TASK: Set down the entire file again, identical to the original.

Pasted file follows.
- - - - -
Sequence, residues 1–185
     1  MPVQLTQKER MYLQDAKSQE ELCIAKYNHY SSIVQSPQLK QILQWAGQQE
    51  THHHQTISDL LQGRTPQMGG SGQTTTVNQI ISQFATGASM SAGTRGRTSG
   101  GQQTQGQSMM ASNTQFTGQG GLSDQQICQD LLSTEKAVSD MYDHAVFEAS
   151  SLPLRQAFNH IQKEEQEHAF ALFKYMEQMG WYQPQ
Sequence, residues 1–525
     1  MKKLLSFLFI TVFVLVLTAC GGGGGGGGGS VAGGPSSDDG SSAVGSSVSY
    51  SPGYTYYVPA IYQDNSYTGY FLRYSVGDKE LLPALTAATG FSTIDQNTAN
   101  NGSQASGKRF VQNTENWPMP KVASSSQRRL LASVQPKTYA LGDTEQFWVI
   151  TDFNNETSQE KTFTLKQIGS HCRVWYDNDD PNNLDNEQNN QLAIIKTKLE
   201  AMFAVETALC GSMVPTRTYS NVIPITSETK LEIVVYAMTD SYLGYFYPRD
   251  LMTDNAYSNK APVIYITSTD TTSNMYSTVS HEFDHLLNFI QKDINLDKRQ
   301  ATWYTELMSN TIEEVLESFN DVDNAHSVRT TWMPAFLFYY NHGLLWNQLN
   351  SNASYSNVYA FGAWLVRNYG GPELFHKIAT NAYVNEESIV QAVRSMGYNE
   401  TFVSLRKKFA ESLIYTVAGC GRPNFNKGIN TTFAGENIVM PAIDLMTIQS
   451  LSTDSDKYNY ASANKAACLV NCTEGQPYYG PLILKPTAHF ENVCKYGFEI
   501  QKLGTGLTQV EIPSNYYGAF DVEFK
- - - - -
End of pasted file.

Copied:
Sequence, residues 1–185
     1  MPVQLTQKER MYLQDAKSQE ELCIAKYNHY SSIVQSPQLK QILQWAGQQE
    51  THHHQTISDL LQGRTPQMGG SGQTTTVNQI ISQFATGASM SAGTRGRTSG
   101  GQQTQGQSMM ASNTQFTGQG GLSDQQICQD LLSTEKAVSD MYDHAVFEAS
   151  SLPLRQAFNH IQKEEQEHAF ALFKYMEQMG WYQPQ
Sequence, residues 1–525
     1  MKKLLSFLFI TVFVLVLTAC GGGGGGGGGS VAGGPSSDDG SSAVGSSVSY
    51  SPGYTYYVPA IYQDNSYTGY FLRYSVGDKE LLPALTAATG FSTIDQNTAN
   101  NGSQASGKRF VQNTENWPMP KVASSSQRRL LASVQPKTYA LGDTEQFWVI
   151  TDFNNETSQE KTFTLKQIGS HCRVWYDNDD PNNLDNEQNN QLAIIKTKLE
   201  AMFAVETALC GSMVPTRTYS NVIPITSETK LEIVVYAMTD SYLGYFYPRD
   251  LMTDNAYSNK APVIYITSTD TTSNMYSTVS HEFDHLLNFI QKDINLDKRQ
   301  ATWYTELMSN TIEEVLESFN DVDNAHSVRT TWMPAFLFYY NHGLLWNQLN
   351  SNASYSNVYA FGAWLVRNYG GPELFHKIAT NAYVNEESIV QAVRSMGYNE
   401  TFVSLRKKFA ESLIYTVAGC GRPNFNKGIN TTFAGENIVM PAIDLMTIQS
   451  LSTDSDKYNY ASANKAACLV NCTEGQPYYG PLILKPTAHF ENVCKYGFEI
   501  QKLGTGLTQV EIPSNYYGAF DVEFK